By Christine Hsu
San Francisco’s second annual “Bye Bye Bullying” video contest kicked off yesterday for students in the city’s middle and high schools. Students can submit one-minute videos against cyberbullying to the S.F. District Attorney’s website between now and November 8.
“Well, when I was younger I had eczema really bad, it’s a skin condition,” Garrett said at a press conference launching this year’s contest. “It was something I couldn’t control, so students would, you know, bully me over my skin. And it’s something you can’t hide, your skin, your face, your arms. So I felt bullying was close to me, ’cause I would go home at night and look at myself in the mirror and feel like I was such a bad person because I had this thing I couldn’t control.”
Garrett says he has seen positive change due to the contest.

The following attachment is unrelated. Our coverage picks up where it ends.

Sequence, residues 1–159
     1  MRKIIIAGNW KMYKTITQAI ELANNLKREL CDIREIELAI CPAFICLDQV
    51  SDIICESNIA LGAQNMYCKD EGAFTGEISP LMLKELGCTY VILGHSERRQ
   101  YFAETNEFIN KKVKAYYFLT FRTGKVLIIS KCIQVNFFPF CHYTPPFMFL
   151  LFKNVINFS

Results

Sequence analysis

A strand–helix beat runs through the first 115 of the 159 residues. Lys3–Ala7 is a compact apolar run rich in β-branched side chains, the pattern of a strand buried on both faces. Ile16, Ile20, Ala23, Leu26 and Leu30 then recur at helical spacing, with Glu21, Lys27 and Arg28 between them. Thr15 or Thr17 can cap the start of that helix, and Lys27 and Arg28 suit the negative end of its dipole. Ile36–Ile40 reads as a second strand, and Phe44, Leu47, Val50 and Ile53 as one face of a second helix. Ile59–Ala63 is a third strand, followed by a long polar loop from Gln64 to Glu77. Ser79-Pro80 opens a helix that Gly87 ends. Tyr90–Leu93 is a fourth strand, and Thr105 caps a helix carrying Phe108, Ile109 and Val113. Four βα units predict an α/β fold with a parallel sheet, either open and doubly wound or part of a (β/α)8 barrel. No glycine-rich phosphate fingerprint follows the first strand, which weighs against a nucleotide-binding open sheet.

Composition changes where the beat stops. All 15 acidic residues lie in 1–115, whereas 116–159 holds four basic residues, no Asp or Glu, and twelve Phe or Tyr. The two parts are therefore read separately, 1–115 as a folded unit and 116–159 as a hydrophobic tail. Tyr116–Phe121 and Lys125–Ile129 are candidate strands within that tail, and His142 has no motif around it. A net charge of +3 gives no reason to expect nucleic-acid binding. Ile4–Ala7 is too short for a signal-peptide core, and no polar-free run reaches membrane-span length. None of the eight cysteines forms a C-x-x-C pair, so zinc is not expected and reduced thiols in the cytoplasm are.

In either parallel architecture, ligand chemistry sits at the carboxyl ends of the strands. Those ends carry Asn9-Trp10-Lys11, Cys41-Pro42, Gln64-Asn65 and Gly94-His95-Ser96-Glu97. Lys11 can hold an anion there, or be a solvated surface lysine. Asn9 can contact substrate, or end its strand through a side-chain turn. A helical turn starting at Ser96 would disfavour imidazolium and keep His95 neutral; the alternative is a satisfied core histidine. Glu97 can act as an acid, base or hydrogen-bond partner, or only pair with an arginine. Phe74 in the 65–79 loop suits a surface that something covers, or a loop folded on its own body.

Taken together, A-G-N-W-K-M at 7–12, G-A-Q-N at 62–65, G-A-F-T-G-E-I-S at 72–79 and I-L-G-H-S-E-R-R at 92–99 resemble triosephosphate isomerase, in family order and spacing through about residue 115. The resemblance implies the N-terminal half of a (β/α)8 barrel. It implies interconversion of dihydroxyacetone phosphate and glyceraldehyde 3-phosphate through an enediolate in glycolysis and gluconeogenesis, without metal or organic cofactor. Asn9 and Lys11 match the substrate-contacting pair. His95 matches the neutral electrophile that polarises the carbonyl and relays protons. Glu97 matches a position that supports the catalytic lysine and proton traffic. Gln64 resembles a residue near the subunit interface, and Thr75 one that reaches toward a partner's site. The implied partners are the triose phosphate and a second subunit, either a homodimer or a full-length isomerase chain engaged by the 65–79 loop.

“People that might have been bullies before have been like participating in this [contest]. So they’re like, ‘Oh, I see, okay, a lot of people don’t believe in bullying,’ and there are so many people against it, so many people trying to stop it, that they’re stopping.”
According to Kevin Truitt, associate superintendent of the San Francisco Unified School District, 34 percent of middle school students and 15 percent of high school students reported being bullied in the latest school district survey.
District Attorney George Gascon said that he could not offer any quantitative measurements to show the progress of the anti-bullying contest’s effects, but that “We know that in our partnership with the school district there was a lot of talk. Not only with the contest, but there was a lot of discussion.”
Among those co-sponsoring the video contest are local tech companies Zynga, Twitter and Facebook.